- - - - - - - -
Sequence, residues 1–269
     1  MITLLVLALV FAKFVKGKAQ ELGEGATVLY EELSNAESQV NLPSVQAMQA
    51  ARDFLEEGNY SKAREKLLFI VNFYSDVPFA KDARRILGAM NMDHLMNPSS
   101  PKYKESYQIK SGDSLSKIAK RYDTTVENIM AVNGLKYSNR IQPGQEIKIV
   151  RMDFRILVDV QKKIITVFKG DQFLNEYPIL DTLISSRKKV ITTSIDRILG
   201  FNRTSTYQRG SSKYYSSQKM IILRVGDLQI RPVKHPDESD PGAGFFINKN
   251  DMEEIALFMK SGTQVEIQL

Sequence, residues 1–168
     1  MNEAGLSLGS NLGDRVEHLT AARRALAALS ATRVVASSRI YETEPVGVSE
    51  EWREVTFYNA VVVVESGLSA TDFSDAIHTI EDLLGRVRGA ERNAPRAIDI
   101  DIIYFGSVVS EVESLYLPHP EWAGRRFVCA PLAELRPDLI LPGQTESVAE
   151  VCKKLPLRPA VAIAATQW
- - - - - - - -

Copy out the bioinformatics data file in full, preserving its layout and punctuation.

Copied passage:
Sequence, residues 1–269
     1  MITLLVLALV FAKFVKGKAQ ELGEGATVLY EELSNAESQV NLPSVQAMQA
    51  ARDFLEEGNY SKAREKLLFI VNFYSDVPFA KDARRILGAM NMDHLMNPSS
   101  PKYKESYQIK SGDSLSKIAK RYDTTVENIM AVNGLKYSNR IQPGQEIKIV
   151  RMDFRILVDV QKKIITVFKG DQFLNEYPIL DTLISSRKKV ITTSIDRILG
   201  FNRTSTYQRG SSKYYSSQKM IILRVGDLQI RPVKHPDESD PGAGFFINKN
   251  DMEEIALFMK SGTQVEIQL

Sequence, residues 1–168
     1  MNEAGLSLGS NLGDRVEHLT AARRALAALS ATRVVASSRI YETEPVGVSE
    51  EWREVTFYNA VVVVESGLSA TDFSDAIHTI EDLLGRVRGA ERNAPRAIDI
   101  DIIYFGSVVS EVESLYLPHP EWAGRRFVCA PLAELRPDLI LPGQTESVAE
   151  VCKKLPLRPA VAIAATQW